In the standalone Refine Soft Matte effect and in the Refine Edge Matte property group of the Roto Brush & Refine Edge effect, you can choose one of three Chatter Reduction options: Off (the default), More Detailed, or Smoother (Slower).

Keep in mind that the Roto Brush Matte property group and Refine Edge Matte property group affect different regions of the matte on the layer to which the effect is applied. The Refine Edge Matte refinements affect only the area defined by Refine Edge strokes; the Roto Brush Matte refinements affect only the area not defined by Refine Edge strokes.


Refine Soft Matte and Refine Hard Matte effects

The new Refine Soft Matte effect performs the same edge refinements as performed by the new Refine Edge Matte properties in the Roto Brush & Refine Edge effect. The difference is that the Refine Soft Matte effect applies the edge refinements to the entire matte, at a constant width around the entire matte, whereas the edge refinements performed by the Roto Brush & Refine Edge effect are performed within the regions defined by the Refine Edge strokes, which may be of varying widths and along only some parts of the matte edge. Also, since the Refine Soft Matte effect is simply drawing a uniform-width region around the alpha boundary (matte edge) rather than tracking and propagating strokes across time, it can be much faster than using the Refine Edge tool.

The effect that has been called Refine Matte in previous versions of After Effects is now called Refine Hard Matte. The Refine Hard Matte effect performs the same edge refinements as performed by the Fine-tune Roto Brush properties in the Roto Brush & Refine Edge effect.

The properties of the Refine Soft Matte effect are very similar to the properties of the Refine Hard Matte effect, though the underlying algorithms for some identically named things are actually different between the two effects. Specifically, the Reduce Chatter property functions differently between these two effects.

The Refine Soft Matte effect has a few additional properties beyond those in the Refine Hard Matte effect:

  • Calculate Edge Details: Computes semi-transparent edges, pulling out fine details within the edge region.
  • Additional Edge Radius: The distance in pixels on either side of the matte edge to include in the edge region for finding fine detail and creating semi-transparency.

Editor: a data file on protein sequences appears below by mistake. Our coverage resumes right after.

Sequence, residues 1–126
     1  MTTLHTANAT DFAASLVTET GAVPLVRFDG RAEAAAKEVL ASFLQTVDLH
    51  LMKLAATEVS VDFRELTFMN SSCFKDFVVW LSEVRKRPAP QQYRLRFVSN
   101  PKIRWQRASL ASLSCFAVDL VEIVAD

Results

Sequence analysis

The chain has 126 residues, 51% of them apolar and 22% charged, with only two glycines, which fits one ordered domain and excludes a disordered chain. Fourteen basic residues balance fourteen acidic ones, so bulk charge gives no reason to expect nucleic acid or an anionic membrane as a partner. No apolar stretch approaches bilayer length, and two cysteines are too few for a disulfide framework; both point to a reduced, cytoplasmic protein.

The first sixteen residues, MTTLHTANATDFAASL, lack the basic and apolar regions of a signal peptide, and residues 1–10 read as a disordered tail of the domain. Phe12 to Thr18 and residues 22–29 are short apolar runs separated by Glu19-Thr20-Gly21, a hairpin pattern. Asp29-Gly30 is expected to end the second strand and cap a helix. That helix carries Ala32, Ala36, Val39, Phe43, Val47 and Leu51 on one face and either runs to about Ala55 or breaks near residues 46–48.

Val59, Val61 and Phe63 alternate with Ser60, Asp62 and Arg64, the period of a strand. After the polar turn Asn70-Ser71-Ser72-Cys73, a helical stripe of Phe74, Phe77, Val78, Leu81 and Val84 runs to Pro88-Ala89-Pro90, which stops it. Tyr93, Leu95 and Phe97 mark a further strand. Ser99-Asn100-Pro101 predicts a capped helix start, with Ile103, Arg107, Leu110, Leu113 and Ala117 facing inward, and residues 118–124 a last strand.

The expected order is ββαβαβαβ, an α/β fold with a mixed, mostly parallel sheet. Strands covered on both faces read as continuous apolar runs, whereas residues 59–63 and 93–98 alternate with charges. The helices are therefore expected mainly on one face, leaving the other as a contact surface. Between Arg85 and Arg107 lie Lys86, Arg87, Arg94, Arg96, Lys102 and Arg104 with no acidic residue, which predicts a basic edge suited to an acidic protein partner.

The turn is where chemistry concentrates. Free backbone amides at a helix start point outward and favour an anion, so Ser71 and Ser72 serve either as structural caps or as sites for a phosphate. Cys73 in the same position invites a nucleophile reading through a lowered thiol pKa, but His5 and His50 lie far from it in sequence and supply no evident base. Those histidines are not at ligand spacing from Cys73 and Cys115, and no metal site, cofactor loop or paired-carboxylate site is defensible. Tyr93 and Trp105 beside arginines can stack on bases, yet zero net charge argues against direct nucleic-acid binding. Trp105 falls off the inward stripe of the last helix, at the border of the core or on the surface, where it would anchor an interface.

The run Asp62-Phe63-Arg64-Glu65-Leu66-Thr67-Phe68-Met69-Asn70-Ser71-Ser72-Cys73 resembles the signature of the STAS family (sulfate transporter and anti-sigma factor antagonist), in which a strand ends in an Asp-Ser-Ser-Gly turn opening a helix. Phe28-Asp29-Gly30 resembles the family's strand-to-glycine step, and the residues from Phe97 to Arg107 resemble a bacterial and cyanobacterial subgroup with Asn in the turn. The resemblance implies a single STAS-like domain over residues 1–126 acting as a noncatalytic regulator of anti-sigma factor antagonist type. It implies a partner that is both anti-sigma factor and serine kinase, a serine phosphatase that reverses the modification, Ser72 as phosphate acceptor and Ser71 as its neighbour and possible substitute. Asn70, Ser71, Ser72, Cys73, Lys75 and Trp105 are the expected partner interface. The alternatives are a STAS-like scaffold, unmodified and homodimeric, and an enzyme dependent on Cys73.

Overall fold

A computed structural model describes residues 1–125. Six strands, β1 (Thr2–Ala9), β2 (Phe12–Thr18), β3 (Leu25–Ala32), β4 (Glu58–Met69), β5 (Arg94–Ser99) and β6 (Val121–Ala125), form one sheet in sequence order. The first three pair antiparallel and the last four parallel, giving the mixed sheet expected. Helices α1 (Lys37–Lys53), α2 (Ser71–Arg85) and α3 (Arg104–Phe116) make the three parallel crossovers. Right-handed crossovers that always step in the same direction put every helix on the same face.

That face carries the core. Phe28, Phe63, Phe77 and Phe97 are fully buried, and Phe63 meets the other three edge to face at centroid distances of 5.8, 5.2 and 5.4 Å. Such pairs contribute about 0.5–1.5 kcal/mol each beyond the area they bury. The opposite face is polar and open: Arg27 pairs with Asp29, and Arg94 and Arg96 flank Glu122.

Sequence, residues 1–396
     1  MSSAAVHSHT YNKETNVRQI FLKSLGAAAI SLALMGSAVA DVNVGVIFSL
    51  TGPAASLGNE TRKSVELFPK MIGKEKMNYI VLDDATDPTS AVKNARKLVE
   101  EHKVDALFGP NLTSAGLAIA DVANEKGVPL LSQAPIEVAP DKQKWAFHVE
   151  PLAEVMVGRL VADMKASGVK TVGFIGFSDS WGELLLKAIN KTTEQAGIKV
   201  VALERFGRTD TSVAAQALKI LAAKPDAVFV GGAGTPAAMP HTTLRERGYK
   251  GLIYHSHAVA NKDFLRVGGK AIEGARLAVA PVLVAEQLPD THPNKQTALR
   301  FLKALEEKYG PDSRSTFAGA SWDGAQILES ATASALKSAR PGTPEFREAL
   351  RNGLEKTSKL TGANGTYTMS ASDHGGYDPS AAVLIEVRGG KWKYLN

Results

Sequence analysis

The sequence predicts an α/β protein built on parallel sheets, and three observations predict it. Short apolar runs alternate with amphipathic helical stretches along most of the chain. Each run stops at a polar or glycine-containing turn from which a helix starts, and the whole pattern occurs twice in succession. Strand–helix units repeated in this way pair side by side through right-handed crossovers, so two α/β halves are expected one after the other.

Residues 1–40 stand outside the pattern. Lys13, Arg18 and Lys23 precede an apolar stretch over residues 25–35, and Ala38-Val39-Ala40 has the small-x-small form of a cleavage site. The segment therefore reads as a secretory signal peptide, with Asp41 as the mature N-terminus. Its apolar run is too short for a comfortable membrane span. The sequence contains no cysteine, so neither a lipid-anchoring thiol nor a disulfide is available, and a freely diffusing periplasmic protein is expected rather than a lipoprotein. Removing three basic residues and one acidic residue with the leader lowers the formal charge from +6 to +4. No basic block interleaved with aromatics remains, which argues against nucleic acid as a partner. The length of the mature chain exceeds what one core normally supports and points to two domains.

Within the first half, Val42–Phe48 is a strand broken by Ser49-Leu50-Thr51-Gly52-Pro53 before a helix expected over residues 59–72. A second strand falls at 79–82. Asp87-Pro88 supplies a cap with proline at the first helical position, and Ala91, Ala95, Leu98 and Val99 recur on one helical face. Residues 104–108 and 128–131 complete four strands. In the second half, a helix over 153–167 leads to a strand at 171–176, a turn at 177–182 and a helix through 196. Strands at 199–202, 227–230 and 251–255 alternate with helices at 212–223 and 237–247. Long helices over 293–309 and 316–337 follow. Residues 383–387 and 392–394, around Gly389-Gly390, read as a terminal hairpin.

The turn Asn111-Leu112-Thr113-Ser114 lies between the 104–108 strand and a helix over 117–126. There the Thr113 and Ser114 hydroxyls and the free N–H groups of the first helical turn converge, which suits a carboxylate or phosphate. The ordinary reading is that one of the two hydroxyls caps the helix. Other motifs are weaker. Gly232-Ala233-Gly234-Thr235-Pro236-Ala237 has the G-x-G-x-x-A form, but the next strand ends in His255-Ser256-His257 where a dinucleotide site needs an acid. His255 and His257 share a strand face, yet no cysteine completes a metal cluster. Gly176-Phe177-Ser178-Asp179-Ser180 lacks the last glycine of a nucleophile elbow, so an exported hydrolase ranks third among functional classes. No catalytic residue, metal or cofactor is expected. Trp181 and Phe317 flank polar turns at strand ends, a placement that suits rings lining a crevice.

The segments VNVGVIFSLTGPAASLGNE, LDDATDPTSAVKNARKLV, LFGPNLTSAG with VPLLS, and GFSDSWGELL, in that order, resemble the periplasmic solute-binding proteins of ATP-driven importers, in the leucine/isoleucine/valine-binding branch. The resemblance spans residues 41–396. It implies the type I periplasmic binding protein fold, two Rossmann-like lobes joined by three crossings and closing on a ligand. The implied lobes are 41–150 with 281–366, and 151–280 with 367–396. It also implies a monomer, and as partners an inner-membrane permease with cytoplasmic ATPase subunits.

• View Edge Region: Shows edge region as a yellow band.

behavior with Refine Edge, Roto Brush, and Refine Matte features across versions of After Effects

When using the Save A Copy As CS6 command, the following occurs:

  • Instances of the Roto Brush & Refine Edge effect are dropped; i.e., they aren’t saved in the project.
  • Instances of the new Refine Hard Matte effect show as missing when the project is opened in After Effects CS6.
  • Instances of the Refine Soft Matte effect show as missing when the project is opened in After Effects CS6.

Projects created in previous versions of After Effects (CS5-CS6) with the Roto Brush effect are upgraded to use the new effect when opened in After Effects 12.0.

Projects created in previous versions of After Effects (CS5-CS6) with the Refine Matte effect will retain the old version of the Refine Matte effect, with the old property names and values, when opened in After Effects 12.0. If you apply a new instance of the Refine Hard Matte effect in After Effects 12.0, that instance of the effect will use the new property names and values.

When a project saved from After Effects CS5-CS6 is opened in After Effects 12.0, expressions referring to an instance of the Roto Brush effect are broken. Animation presets and scripts may also need to be updated.


changes in behavior of Feather properties

Refine Hard Matte: For existing After Effects CS6 and earlier instances, no change (because it’s still using v1.0). For existing After Effects 12.0 instances (i.e., projects saved in earlier prerelease builds), it gets reset to 2.0; if you want to use an equivalent feather, multiply the previous value by 2.71. new instances still default to 2.0.

Refine Soft Matte: For existing After Effects 12.0 instances, it gets reset to 0.0; if you want to use an equivalent feather, multiply the previous value by 2.71. New instances still default to 0.0.

Roto Brush & Refine Edge: For existing After Effects CS6 or After Effects 12.0 instances, the existing value gets upgraded automatically (multiplied by 2.71). For new instances, the Roto Brush Matte effect’s Feather property has a new default of 5.0 (approx. the old default of 2.0 times 2.71), and the Refine Matte effect’s Feather property still defaults to 0.0.

Aside from the standalone Refine Hard Matte and Refine Soft Matte effects (that get reset), you shouldn’t see any visually identifiable change in the result. If so, please submit a bug report.


tips and notes for using the Refine Edge tool and related features

When you draw a Refine Edge stroke, the Layer panel automatically switches to Refine Edge X-ray view mode. To turn Refine Edge X-ray view mode on or off, press Alt+X (Windows) or Option+X (Mac OS). This view mode is mutually exclusive with other Show Channels choices. You can also choose Refine Edge X-ray in the Show Channel and Color Management Settings menu at the bottom of the Layer panel.

Note: The Adjust Exposure control in a viewer panel is ignored when using the Refine Edge X-ray view mode.

To avoid unexpected propagation when resolution decreases temporarily, drawing Roto Brush or Refine Edge strokes will turn off Fast Previews adaptive resolution mode.

Drawing Roto Brush or Refine Edge strokes on time-reversed layers (time-reversed or negatively stretched) now draws a banner that says “Roto Brush & Refine Edge strokes can’t be added to a time-reversed layer.”